“River of Gold” Floods Smith College Museum of Art

Sakshee Chawla ’17
Contributing Writer

The Smith College Museum of Art is currently showing “River of Gold,”a nationally-toured art exhibition showcasing ancient gold artifacts from a pre-Columbian civilization in Panama. The ancient jewelry, artifacts and pendants, which are on loan from the University of Pennsylvania, will be on display from Oct. 4 through Jan. 5. The exhibition allows spectators to connect ancient artwork and metallurgy with cultural expression, symbolism and anthropology. The pieces present are all authentic, and Smithies should not miss this opportunity, which is not only aesthetically appealing but downright interesting.

Over 120 pieces of gold work dated from A.D. 450 to A.D. 900 were retrieved from present day Sitio Conte in central Panama. The Panamanian artwork was buried alongside civilians in an ancient cemetery used by the people for almost 500 years. Inside the cemetery, excavators uncovered three levels of tombs, each lined with gold treasures and various artifacts. Blending art with archaeology, the artifacts offer many cultural insights for viewers to appreciate. Different variations and amounts of gold are buried with the dead based on their social class, with the privileged classes buried on the third, deepest level. Archaeologists have confirmed that servants and wives of the chiefs were sacrificed and buried alongside the elite members, so that they could continue to fulfill their duties and carry on relationships.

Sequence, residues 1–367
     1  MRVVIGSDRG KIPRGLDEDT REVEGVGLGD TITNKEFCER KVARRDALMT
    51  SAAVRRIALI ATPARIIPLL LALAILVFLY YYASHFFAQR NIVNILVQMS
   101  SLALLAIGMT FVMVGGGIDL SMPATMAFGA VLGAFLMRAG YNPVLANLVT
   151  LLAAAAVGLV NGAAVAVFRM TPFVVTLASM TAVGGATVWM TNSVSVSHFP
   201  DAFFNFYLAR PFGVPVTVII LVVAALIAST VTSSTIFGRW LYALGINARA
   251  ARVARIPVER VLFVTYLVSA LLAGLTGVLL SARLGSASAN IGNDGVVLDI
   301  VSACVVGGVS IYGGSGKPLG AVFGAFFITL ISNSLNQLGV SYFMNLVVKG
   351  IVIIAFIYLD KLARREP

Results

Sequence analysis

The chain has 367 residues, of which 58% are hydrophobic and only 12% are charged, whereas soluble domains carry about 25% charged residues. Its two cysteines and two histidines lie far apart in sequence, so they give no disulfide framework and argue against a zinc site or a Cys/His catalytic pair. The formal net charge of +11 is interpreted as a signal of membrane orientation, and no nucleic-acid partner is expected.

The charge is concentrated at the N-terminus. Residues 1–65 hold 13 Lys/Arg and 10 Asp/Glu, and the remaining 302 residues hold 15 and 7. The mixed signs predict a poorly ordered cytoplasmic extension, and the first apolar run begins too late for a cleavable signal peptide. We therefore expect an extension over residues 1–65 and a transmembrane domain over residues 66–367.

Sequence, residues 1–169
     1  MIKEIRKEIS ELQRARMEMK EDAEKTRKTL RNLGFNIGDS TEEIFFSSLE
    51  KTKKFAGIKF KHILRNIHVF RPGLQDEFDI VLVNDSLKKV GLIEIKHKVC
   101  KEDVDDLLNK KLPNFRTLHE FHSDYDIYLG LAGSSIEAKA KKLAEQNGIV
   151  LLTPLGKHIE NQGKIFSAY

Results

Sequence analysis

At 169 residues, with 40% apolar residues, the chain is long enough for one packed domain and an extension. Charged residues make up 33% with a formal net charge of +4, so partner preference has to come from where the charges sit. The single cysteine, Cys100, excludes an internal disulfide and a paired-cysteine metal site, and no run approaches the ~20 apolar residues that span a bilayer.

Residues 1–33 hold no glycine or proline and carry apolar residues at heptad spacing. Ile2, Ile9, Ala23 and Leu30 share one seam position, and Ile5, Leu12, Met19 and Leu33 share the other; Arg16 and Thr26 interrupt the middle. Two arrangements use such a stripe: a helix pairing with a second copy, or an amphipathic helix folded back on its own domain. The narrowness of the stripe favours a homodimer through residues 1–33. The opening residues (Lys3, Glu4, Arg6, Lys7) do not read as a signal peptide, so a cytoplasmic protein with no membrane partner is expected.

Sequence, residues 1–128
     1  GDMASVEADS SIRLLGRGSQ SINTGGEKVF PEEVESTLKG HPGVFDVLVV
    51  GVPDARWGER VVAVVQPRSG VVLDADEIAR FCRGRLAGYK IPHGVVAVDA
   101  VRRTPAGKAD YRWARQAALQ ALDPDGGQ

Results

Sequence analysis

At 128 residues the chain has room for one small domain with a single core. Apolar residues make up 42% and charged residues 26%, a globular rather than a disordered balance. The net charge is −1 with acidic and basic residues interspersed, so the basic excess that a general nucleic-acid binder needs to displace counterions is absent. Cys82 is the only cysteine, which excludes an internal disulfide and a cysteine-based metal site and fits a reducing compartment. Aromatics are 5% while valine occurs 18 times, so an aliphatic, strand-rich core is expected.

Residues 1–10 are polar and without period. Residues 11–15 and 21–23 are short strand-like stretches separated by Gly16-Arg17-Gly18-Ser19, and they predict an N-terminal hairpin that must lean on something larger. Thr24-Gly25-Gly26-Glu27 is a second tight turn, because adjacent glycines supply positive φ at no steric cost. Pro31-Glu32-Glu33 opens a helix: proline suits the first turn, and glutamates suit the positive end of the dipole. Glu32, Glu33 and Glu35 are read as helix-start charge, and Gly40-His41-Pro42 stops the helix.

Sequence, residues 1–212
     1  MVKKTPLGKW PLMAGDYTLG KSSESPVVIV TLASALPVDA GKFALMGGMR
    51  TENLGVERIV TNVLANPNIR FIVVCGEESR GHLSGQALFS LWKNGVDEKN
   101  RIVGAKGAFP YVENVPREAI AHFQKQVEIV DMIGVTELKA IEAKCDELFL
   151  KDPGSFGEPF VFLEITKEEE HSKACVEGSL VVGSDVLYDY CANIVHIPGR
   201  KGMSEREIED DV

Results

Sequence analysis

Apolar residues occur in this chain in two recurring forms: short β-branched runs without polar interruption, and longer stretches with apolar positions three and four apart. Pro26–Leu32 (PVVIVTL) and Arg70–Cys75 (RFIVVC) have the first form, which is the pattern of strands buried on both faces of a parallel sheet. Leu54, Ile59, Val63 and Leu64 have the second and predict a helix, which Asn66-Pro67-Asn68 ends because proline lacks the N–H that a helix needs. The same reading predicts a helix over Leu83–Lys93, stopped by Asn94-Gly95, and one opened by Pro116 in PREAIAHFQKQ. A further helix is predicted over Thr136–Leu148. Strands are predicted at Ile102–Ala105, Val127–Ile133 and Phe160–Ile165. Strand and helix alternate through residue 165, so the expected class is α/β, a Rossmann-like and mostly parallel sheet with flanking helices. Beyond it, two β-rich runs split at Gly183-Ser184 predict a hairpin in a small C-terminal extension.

Perhaps the most eye-catching aspects of the exhibit are the gold plaques. The plaques, worn as chestplates by the chiefs throughout their lives, served as military and social status symbols. The plaques themselves contain symbolic imagery and are decorated with mythological entities resembling both jungle animals and human warriors. These human-animal hybrids are inspired by jaguars, bats, lizards and birds, the two most significant being a powerful human-reptile with rows of teeth and a bird-warrior with a long flowing tail. These creatures were the insignias of the chiefs, and the plaques were worn with regular attire, into battle and at the time of death.

Alex Lopez ’16, an avid, dedicated arts museum enthusiast, Student Museum Educator and Linguistics and Spanish double major, asserts that “River of Gold” is a must-see for students and local residents alike. “The SCMA did an excellent job of displaying the artifacts alongside informative banners and panels. I found the information presented enthralling, and [it] truly gave a glimpse into the mysterious culture of this Panamanian sect,” explained Lopez. “Furthermore, the exhibit was pertinent to my major and the history behind the artifacts really added to the experience.” Lopez noted that her favorite pieces in the exhibit were the large golden plaques and the various effigy talismans that were originally secured to carved pieces of ivory and bone.

The SCMA’s “River of Gold” exhibit truly lives up to the museum’s standards, being both beautiful and intellectually engaging. Every Smithie should be sure to stop by and take time to appreciate the culture and craftsmanship exhibited.

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